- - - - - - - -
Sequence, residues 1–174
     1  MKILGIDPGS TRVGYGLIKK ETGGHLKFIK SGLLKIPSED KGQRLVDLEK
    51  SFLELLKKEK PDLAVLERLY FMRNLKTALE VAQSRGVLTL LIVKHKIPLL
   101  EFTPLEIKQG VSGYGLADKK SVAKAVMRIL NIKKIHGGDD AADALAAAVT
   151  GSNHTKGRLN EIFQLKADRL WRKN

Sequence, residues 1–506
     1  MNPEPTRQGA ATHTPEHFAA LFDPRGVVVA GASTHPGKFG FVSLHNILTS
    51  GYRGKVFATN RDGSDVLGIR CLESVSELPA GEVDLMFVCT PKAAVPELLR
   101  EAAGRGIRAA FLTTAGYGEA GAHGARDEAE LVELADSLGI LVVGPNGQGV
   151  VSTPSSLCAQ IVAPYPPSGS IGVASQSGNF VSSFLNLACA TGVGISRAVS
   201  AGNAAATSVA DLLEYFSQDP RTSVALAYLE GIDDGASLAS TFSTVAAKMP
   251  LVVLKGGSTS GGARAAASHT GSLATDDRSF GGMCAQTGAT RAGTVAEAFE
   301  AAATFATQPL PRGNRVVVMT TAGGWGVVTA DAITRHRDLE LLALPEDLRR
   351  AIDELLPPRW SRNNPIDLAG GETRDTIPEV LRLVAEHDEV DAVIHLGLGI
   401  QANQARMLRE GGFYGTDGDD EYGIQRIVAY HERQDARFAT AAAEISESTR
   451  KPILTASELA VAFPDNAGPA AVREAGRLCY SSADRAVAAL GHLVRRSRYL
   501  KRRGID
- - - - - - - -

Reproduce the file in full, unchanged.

Sequence, residues 1–174
     1  MKILGIDPGS TRVGYGLIKK ETGGHLKFIK SGLLKIPSED KGQRLVDLEK
    51  SFLELLKKEK PDLAVLERLY FMRNLKTALE VAQSRGVLTL LIVKHKIPLL
   101  EFTPLEIKQG VSGYGLADKK SVAKAVMRIL NIKKIHGGDD AADALAAAVT
   151  GSNHTKGRLN EIFQLKADRL WRKN

Sequence, residues 1–506
     1  MNPEPTRQGA ATHTPEHFAA LFDPRGVVVA GASTHPGKFG FVSLHNILTS
    51  GYRGKVFATN RDGSDVLGIR CLESVSELPA GEVDLMFVCT PKAAVPELLR
   101  EAAGRGIRAA FLTTAGYGEA GAHGARDEAE LVELADSLGI LVVGPNGQGV
   151  VSTPSSLCAQ IVAPYPPSGS IGVASQSGNF VSSFLNLACA TGVGISRAVS
   201  AGNAAATSVA DLLEYFSQDP RTSVALAYLE GIDDGASLAS TFSTVAAKMP
   251  LVVLKGGSTS GGARAAASHT GSLATDDRSF GGMCAQTGAT RAGTVAEAFE
   301  AAATFATQPL PRGNRVVVMT TAGGWGVVTA DAITRHRDLE LLALPEDLRR
   351  AIDELLPPRW SRNNPIDLAG GETRDTIPEV LRLVAEHDEV DAVIHLGLGI
   401  QANQARMLRE GGFYGTDGDD EYGIQRIVAY HERQDARFAT AAAEISESTR
   451  KPILTASELA VAFPDNAGPA AVREAGRLCY SSADRAVAAL GHLVRRSRYL
   501  KRRGID